MathOverflow is a question and answer site for professional mathematicians. Join them; it only takes a minute:

Sign up
Here's how it works:
  1. Anybody can ask a question
  2. Anybody can answer
  3. The best answers are voted up and rise to the top

Let ${\mathcal G} = ({\mathcal V},{\mathcal E})$ be a simple connected undirected graph with $n$ vertices. Also let $z_1, \ldots, z_n \in {\mathbb C}$ be complex numbers such that $$ ||z_1||=\ldots = ||z_n||=1. $$ If we know that there exist $a_1,\ldots, a_n \in {\mathbb R} - \{0 \}$ such that for all $i\in {\mathcal V}$, we have $$ z_i + \sum_{j=1}^{d_i}z_{i_j} = a_i z_i, %\forall i \in {\mathcal V} $$ where $i_1,\ldots, i_{d_i}$ are adjacent vertices of $i$, under what condition on structure of ${\mathcal G}$, can we deduce that for some $z\in {\mathbb C}$ and all $i \in {\mathcal V}$, we have $z_i \in \{z,-z\}$?

For example, If ${\mathcal G} = K_n$, the complete graph, then $$ z = z_1+\ldots+z_n = a_i z_i , \quad i=1,\ldots,N, $$ and since $a_i \in {\mathbb R} - \{0 \}$, we have $z_i = {z}/{a_i}$. Also, as $||z_1|| = \ldots = ||z_n||=1$, we have $a_i \in \{||z||,-||z||\}$, which proves the claim.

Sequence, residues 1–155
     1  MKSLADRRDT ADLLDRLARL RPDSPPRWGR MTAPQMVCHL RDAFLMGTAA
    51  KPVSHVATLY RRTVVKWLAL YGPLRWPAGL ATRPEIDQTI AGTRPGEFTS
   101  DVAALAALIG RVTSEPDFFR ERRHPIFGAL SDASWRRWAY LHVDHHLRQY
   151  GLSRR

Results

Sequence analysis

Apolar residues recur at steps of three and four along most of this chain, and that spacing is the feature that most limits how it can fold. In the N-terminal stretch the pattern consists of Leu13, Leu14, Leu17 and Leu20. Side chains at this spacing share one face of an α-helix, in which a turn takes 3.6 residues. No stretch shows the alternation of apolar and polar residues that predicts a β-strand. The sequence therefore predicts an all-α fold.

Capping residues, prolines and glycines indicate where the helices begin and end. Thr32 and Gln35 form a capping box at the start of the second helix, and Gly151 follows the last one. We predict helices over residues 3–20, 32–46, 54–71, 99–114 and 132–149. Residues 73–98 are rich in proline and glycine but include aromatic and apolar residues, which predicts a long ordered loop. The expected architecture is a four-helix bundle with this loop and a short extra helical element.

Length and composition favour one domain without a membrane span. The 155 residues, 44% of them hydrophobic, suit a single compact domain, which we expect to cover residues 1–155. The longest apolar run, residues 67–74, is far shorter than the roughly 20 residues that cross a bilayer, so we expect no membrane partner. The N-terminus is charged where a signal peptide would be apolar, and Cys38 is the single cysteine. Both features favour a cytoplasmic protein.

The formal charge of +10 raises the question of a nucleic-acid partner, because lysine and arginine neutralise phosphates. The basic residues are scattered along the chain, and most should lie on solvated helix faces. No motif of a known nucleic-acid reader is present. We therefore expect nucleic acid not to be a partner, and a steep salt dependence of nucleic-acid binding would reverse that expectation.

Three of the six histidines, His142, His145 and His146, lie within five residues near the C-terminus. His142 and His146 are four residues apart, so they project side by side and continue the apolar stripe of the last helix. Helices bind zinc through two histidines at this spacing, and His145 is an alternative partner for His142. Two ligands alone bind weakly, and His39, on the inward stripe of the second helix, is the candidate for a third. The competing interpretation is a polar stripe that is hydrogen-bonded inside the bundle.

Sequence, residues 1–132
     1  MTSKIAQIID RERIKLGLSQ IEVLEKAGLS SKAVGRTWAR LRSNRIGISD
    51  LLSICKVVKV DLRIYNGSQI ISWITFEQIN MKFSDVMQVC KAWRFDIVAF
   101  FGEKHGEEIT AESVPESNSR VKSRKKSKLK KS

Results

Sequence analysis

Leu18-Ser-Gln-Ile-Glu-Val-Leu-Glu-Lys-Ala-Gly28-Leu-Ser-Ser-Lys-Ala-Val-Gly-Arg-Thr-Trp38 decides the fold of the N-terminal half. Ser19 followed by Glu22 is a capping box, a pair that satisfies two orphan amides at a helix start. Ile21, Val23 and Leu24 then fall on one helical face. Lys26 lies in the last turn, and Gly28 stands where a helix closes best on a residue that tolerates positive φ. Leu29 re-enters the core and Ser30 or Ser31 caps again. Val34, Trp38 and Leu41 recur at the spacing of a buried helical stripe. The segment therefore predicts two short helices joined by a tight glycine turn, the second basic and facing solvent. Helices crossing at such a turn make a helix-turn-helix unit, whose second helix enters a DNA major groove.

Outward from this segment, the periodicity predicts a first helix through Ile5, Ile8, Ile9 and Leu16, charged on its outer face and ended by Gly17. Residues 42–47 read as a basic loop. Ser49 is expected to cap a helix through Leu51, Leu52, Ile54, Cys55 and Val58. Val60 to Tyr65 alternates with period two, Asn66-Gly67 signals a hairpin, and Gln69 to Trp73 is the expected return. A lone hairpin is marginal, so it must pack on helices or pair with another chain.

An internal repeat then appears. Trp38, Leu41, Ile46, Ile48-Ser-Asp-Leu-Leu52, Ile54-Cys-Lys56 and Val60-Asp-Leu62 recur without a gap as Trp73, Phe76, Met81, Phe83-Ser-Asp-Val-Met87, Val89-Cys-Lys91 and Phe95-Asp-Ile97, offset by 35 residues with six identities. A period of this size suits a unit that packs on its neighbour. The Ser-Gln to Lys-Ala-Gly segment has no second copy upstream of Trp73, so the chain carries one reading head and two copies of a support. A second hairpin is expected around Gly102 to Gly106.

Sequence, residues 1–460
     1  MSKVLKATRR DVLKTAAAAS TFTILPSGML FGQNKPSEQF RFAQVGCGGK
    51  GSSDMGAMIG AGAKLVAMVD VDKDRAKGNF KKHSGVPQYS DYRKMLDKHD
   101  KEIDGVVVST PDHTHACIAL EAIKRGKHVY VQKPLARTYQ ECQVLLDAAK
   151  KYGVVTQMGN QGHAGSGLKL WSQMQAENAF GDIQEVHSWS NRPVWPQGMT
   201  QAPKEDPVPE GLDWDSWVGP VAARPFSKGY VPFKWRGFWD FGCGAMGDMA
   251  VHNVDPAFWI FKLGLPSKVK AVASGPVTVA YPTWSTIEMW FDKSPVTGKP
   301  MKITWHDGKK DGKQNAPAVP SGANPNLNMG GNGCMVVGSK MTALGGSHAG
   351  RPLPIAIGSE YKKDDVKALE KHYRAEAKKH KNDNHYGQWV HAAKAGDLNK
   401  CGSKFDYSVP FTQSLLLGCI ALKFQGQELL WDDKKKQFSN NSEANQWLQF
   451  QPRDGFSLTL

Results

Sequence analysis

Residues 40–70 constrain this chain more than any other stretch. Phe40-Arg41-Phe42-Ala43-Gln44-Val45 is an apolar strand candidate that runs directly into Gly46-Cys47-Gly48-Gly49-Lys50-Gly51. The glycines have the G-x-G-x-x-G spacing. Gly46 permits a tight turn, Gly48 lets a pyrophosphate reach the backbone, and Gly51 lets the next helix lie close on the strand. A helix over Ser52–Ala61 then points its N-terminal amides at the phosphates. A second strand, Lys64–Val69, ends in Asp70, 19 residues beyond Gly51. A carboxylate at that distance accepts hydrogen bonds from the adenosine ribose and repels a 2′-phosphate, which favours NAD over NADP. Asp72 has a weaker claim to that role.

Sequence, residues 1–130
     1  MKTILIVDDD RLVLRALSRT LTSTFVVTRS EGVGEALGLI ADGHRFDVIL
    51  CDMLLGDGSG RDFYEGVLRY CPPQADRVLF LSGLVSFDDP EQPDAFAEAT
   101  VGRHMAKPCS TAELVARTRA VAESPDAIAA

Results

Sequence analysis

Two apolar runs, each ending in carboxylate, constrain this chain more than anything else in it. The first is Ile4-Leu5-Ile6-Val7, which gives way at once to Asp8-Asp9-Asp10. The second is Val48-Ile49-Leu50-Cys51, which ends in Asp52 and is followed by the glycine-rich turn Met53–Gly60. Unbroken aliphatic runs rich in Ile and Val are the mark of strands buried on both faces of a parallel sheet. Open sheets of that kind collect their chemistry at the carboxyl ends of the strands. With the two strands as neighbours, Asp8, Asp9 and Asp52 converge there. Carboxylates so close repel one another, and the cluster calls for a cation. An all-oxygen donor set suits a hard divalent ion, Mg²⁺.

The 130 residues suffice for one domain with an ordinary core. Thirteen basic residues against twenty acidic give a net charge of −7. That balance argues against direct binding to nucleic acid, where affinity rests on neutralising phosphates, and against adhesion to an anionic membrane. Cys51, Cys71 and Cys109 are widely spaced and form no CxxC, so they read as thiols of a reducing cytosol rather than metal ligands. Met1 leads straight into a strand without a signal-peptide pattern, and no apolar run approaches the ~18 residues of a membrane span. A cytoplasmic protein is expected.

One can give an algebraic graph theoretic formulation of this problem as follows: Let ${\mathcal D}\subset {\mathbb R}^{n \times n}$ be the set of all non-singular diagonal real matrices and $A$ be the adjacency matrix of graph ${\mathcal G}$. If for some $D \in {\mathcal D}$, and $z_1, \ldots, z_n \in {\mathbb C}$ where $||z_1||=\ldots = ||z_n||=1$, we have $$ (A+I-D){\rm z} = 0 $$ where ${\rm z} = (z_1,\ldots,z_n)^T$, under what condition on $A$, can we deduce that ${\rm z} =c{\rm f}$, for some $c\in {\mathbb C}$ and ${\rm f} \in \{-1,1\}^n$?

Beside $K_n$, is there any other graph with this property?

share|cite|improve this question
Also I have proved this fact for trees by strong induction. – Mohammad Khosravi Sep 16 '13 at 7:28

Your Answer


By posting your answer, you agree to the privacy policy and terms of service.

Browse other questions tagged or ask your own question.